At the recent Save Texas Schools rally, I listened to state Rep. Jeff Leach (R-Plano) talk about his bipartisan bill, House Bill 1336. Leach is a certified public accountant who is pushing for truth and transparency in the amount of money our state spends each year on mandated STAAR testing.
He’s not just talking about how much money we pay Education Testing Service — $280 million over four years — but how much we are paying our professional teachers and staff members for the many hours we have to spend administering and monitoring these tests.
The bill states: “The annual financial management report must include … a description of the district’s total expenses related to administering an assessment instrument required.”
In other words, what exactly are we paying for — and how much are we spending annually? It’s shocking that no one before Leach has ever asked this question.
For instance, as a school librarian with 25 years of experience and a masters’ degree, I make $50,000 annually, or roughly $32 per hour — not counting the time I work outside of school hours. Texans are paying me $128 each time I monitor a STAAR test for four hours. During several days each year of STAAR testing, the Texas Education Agency threatens to strip us of our Texas teaching certificates if we read or do any other task while monitoring these tests. Once, I jokingly asked if it was OK for me to daydream — and I was told no. Just try to stop me! I’m writing this op-ed in my head.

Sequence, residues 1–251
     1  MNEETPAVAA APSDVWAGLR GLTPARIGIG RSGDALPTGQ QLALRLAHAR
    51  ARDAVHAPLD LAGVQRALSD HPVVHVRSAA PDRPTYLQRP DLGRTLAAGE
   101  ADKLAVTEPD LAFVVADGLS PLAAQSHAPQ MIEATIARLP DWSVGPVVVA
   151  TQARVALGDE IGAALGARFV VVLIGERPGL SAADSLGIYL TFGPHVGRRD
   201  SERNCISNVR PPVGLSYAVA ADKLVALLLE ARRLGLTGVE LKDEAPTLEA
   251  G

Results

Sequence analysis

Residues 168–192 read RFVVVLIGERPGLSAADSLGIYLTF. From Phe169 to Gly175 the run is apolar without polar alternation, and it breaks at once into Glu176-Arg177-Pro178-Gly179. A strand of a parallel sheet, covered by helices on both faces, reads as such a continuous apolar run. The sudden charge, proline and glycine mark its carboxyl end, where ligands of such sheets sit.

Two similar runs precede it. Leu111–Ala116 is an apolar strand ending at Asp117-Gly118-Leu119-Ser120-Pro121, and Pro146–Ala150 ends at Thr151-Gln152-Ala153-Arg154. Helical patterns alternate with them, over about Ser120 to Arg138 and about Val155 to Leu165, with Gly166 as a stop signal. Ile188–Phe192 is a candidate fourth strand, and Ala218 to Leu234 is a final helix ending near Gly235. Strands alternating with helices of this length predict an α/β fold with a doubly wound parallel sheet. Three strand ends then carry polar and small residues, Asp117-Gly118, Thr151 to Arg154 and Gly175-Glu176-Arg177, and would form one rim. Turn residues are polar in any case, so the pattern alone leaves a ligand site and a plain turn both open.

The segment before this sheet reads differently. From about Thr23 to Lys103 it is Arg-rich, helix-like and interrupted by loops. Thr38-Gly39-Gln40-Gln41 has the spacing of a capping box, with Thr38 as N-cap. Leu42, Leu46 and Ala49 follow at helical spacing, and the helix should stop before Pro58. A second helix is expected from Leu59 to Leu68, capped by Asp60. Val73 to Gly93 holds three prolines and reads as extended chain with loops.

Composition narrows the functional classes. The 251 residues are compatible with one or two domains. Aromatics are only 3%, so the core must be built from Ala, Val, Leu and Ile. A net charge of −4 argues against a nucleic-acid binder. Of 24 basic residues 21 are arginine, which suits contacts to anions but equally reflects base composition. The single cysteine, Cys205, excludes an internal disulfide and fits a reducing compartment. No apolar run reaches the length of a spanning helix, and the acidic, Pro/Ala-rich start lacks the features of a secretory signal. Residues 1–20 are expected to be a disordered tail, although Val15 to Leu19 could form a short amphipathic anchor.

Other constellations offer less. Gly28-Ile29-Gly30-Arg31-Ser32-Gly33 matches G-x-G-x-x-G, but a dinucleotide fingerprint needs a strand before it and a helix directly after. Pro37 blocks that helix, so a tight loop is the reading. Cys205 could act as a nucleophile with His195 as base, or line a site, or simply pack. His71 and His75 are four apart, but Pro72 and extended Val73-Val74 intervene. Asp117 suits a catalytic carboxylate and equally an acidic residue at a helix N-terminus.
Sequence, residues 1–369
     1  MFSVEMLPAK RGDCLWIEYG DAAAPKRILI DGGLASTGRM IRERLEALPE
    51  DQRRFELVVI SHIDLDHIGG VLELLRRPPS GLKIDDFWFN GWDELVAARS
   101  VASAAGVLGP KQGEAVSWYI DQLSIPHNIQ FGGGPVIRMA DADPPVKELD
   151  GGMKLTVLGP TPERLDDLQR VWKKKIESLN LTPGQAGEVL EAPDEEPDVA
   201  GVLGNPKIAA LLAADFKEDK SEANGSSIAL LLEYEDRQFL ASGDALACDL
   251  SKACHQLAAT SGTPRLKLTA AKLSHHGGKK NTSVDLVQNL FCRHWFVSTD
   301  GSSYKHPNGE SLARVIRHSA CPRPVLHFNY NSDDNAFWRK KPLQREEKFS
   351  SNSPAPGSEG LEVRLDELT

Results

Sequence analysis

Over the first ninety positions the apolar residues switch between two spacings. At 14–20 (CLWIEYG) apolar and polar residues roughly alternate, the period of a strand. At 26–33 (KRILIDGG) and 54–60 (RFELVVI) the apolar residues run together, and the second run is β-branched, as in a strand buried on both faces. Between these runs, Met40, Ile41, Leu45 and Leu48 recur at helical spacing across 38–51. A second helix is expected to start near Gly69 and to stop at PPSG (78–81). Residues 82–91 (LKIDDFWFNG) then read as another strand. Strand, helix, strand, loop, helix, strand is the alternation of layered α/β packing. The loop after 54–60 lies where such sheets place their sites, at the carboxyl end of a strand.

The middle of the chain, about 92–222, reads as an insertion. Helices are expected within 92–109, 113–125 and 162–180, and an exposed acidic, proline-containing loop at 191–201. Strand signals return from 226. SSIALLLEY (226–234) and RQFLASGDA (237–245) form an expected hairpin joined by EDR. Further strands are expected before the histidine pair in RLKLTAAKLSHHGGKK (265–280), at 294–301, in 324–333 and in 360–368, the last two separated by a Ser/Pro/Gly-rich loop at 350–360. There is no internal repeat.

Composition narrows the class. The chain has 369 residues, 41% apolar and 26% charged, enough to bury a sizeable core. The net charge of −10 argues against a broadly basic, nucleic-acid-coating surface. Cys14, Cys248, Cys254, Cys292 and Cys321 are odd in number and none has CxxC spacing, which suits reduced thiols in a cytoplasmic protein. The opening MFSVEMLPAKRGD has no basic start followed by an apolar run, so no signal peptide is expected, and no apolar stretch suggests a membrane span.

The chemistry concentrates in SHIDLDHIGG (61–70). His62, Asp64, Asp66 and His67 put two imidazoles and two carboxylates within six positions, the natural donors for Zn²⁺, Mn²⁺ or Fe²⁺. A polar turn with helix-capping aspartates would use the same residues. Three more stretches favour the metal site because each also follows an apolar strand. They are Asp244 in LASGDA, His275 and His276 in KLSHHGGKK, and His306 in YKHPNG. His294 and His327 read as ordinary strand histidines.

Last legislative session, Pearson lost its testing contract to Education Testing Service in part because of the negative publicity Pearson garnered from advertising STAAR scoring jobs on Craigslist for $8 an hour. Maybe the state should pay outside test monitors $8 an hour and allow teachers the time to plan, grade or benefit from professional development.
The average annual teacher salary in Texas is $51,891 — $34 an hour. Extrapolate $136 for just one morning’s testing and multiply that by every public school teacher in Texas because, believe me, all hands are on deck during testing. Teachers are even stationed in hallways to monitor bathroom breaks. According to the Texas Tribune, the state hires 334,835 full-time teachers for 5.3 million public school children. Do the math. Four hours of STAAR testing is costing the state as much as $45 million in teacher pay alone. Add another $5 million for paraprofessional pay, and the total is as much as $50 million in personnel costs to administer one state exam.
I am not against testing and accountability per se — but I am against the kind of punitive, mandated, standardized testing that we’ve been forced to do for over two decades. Formative assessment — in which teachers continually monitor students for understanding and mastery — is critical to student learning growth. In contrast, the STAAR tests are post-mortem. By the time teachers receive the scores, it’s too late to intervene or reteach concepts. What STAAR tests measure most reliably is a student’s socioeconomic status. Ask yourselves this: What have we gotten from all this testing? From TEAMS to TAAS to TAKS to STAAR, can anyone point to a benefit?
Currently, the HB 1336 is pending in committee. Please contact your House representative to support Leach’s bill. If Texans know the true cost of all this state-mandated testing, we can all come together to eliminate or severely dial down these tests with the shared goal of using our talent and our treasure more wisely.
Stevenson is a longtime educator.